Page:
Modi's first two years: Foreign policy shiniest diamond in BJP govt's crown

Whether it’s in high school, college or university, the sophomore year is usually the ‘make-or-break’ one. And this isn’t a phenomenon limited to education. In a series, it’s usually the second book, film, album or TV show episode that makes or breaks the author, filmmaker, musician or screenwriter respectively.

Exactly a year ago, similar sentiments were being expressed about Prime Minister Narendra Modi’s second year in office and now seems as good a time as any to take a review of his government’s sophomore year.

On Thursday, Congress leaders Kapil Sibal, Ghulam Nabi Azad and Mallikarjun Kharge held a press conference to lambast the government and question just what it was celebrating. Amid jibes about acche din, Make in India and jumla, attention was paid to the government’s foreign policy.

Foreign policy has been the most visible dimension of this government’s term so far.

Sibal went on to take potshots at Modi’s foreign visits, stating, “If he was to be sent to the Moon or Mars, we’d all celebrate”.

Modi’s international visits have been the most visible manifestation of the BJP government’s foreign policy.

But before we get into what's worked and what hasn't, it's worth revisiting the BJP's election manifesto ahead of the 2014 Lok Sabha polls and looking at what progress has been made in the areas highlighted, rather than merely looking at 'Modi's foreign policy' in isolation. A little over a page was devoted to foreign policy goals, but the most instructive part was probably the first paragraph:

BJP believes a resurgent India must get its rightful place in the comity of nations and international institutions. The vision is to fundamentally reboot and reorient the foreign policy goals, content and process, in a manner that locates India's global strategic engagement in a new paradigm and on a wider canvas, that is not just limited to political diplomacy, but also includes our economic, scientific, cultural, political and security interests, both regional and global, on the principles of equality and mutuality, so that it leads to an economically stronger India, and its voice is heard in the international fora. (emphasis added)

So where are we now?

Rightful place

What at first looks like a rash of visits up, down and all around the globe, makes a lot more sense if you split the visits up temporally. But first, here are those visits:

Modi's first year in office kicked off with an invitation to the leaders of Saarc countries (and Mauritius) to his swearing-in ceremony. The manifesto had clearly indicated that "(in) our neighbourhood we will pursue friendly relations" and Modi began with a 'neighbourhood first' policy, making Bhutan his first foreign destination and Nepal his third (with the little matter of a Brazilian sojourn for the Brics Summit sandwiched in between). Visits to Sri Lanka and Bangladesh — which came slightly after the one year mark, but we'll allow it — followed and an emphasis on India's neighbourhood was clear. While the signing of the Land Border Agreement between India and Bangladesh was a high point of the government's neighbourhood policy, the breakdown of India-Nepal relations in the context of the latter's new Constitution was a major low point.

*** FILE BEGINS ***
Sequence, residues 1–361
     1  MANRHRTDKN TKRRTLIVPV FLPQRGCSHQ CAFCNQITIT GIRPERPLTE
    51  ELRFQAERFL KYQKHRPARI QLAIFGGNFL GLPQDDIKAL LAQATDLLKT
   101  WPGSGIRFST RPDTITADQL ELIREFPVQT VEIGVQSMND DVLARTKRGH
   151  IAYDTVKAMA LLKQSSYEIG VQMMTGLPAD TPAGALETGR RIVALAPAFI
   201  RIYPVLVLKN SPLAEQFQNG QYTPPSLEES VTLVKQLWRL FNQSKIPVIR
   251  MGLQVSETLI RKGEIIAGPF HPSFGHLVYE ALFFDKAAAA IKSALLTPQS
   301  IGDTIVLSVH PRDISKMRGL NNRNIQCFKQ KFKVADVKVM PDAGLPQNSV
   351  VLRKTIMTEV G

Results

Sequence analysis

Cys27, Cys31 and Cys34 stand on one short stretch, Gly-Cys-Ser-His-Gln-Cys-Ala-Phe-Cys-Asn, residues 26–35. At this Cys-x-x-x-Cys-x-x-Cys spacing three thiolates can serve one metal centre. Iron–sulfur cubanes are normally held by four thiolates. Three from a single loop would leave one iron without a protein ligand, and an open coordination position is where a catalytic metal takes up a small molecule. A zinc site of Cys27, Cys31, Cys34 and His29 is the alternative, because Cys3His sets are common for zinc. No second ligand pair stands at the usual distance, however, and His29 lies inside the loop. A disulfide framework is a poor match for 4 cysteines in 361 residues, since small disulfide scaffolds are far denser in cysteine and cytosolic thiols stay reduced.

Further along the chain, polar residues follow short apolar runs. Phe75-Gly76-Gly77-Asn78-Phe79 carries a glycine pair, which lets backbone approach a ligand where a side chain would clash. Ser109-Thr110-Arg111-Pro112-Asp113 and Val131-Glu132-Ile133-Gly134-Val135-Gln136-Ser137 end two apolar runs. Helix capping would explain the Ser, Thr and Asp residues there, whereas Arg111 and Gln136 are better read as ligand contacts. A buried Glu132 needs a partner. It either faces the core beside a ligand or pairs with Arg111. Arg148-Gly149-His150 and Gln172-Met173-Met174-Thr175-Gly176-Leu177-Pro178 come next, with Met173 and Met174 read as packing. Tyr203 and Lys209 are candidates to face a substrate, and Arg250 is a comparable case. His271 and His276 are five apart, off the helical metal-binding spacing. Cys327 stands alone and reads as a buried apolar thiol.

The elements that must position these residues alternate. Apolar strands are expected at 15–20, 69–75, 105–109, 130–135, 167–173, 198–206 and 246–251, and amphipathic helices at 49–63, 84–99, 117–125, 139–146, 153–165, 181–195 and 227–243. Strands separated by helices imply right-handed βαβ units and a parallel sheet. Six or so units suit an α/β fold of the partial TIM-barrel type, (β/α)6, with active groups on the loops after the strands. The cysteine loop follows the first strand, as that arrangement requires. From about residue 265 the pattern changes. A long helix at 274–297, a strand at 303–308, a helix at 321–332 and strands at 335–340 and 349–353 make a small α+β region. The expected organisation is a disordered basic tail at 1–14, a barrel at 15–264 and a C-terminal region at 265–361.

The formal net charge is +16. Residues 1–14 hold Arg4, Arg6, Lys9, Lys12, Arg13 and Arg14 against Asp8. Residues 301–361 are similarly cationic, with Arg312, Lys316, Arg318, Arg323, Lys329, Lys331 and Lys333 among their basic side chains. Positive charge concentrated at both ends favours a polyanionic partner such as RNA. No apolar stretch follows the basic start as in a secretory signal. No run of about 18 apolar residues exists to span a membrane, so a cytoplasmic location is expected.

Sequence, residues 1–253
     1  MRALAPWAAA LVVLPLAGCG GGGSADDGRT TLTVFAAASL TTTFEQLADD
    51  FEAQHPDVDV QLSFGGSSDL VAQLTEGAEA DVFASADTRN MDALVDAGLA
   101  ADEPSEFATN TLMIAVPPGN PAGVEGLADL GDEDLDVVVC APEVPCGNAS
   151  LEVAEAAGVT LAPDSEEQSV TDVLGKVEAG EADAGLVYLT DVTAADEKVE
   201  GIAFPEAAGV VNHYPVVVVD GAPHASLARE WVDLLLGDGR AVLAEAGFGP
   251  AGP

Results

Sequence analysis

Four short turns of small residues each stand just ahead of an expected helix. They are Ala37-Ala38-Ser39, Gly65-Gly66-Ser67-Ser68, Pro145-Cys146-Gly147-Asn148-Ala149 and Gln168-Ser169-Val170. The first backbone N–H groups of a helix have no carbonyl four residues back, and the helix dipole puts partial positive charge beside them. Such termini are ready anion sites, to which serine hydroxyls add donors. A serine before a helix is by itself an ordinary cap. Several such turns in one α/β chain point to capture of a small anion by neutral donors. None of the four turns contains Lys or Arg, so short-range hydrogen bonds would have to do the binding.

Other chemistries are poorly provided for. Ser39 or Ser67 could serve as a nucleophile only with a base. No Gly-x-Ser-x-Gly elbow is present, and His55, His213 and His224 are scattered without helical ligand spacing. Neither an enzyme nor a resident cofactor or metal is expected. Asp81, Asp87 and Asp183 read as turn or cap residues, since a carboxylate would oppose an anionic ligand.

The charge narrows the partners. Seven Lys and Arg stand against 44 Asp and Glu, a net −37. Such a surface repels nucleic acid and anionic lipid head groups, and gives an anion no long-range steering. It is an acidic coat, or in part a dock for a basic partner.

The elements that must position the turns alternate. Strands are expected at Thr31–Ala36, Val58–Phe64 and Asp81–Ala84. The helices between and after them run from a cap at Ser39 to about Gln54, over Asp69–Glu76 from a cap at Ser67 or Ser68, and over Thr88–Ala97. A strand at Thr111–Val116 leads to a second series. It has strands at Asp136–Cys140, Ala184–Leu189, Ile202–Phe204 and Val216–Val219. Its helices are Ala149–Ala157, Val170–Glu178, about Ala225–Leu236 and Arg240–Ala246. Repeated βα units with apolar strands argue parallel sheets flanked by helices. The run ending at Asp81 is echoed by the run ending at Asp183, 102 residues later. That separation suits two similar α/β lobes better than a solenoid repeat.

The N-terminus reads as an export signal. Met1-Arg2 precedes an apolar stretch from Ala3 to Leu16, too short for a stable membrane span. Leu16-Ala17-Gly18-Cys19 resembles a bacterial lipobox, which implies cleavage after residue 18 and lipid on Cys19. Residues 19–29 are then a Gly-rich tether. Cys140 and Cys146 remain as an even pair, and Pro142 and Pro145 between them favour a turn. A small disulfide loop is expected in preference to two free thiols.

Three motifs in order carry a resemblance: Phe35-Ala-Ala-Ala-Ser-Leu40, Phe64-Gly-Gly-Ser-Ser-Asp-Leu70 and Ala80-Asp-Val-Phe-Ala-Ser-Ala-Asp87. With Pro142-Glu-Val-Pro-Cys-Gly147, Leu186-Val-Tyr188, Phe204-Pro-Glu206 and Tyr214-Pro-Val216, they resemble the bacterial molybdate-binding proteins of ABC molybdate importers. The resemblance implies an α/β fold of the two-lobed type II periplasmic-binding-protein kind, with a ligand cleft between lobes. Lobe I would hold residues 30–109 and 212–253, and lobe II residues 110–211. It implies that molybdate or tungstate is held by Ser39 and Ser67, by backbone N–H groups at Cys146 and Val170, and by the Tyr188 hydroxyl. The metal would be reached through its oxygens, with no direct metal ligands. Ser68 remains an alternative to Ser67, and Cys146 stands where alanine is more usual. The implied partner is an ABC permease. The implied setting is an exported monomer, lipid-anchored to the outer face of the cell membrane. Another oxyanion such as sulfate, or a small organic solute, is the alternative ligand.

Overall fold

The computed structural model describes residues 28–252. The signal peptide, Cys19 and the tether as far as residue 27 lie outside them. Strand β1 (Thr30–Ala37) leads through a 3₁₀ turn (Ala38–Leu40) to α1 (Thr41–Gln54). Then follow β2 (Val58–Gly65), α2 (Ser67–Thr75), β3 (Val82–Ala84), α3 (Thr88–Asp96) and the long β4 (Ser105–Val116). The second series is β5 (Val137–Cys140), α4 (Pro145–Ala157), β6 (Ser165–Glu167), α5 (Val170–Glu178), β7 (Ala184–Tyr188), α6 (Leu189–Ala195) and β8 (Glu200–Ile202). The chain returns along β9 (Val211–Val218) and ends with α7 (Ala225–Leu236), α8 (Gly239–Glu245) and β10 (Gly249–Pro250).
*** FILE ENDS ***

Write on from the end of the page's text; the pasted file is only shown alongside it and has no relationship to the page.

The other focus of the first year was the series of high-profile interactions with the permanent members of the UN's Security Council (China, US, UK, Russia and France) and Brics countries (Brazil, China and Russia). The government was sending out the message that India's 'rightful place' was as much with its neighbours, as with the upcoming world powers and indeed, the established global powers.

The second year saw a new focal point. Of course, interactions with these countries would remain on the agenda, but Year Two would see a conscious and multi-pronged — External Affairs Minister Sushma Swaraj and Foreign Secretary S Jaishankar played major roles — outreach to Central Asian nations and the Islamic world. Having set about establishing India's place in the world, it was time to power that vision and energy was high on the agenda during these two sets of interactions. However, India is also home to a syncretic form of Islam — Over 14 percent of India's population is Muslim as per the 2011 Census — and so, reaching out to Islamic countries sent out an important message from the BJP to stakeholders at home and abroad.

A large part of diplomacy and international relations is perception and with stadium engagements with the Indian diaspora, India's global profile got a much-needed shot in the arm.

A screen grab from YouTube of Modi's address at the United Nations

A screen grab from YouTube of Modi's address at the United Nations

Reboot and reorient foreign policy

One of the biggest success stories of India's foreign policy in the past two years has been the speed with which New Delhi-Washington relations have improved and more importantly, deepened.

The prime minister is set to make his fourth visit to the US sometime next month.

The process began with the thaw in India-US ties brought about by former prime minister Manmohan Singh and former president George W Bush in 2005. It was, however, the Modi government that pushed the relationship to a new level, prompting President Barack Obama to term it one of the 'defining partnerships of the 21st Century'.

But it's not just Modi's meetings with Obama that have propelled bilateral ties. While those may have been the media-friendly, high-on-optics interactions, Swaraj and Defence Minister Manohar Parrikar, and their American counterparts John Kerry and Ashton Carter respectively have been equally instrumental in ironing out the finer details of landmark agreements (the Logistics Exchange Memorandum of Agreement, for instance). While this shift is historic — considering it completely goes back on India's long-term policy not to align overtly with either of the world powers — it is also, it can be argued, the need of the hour.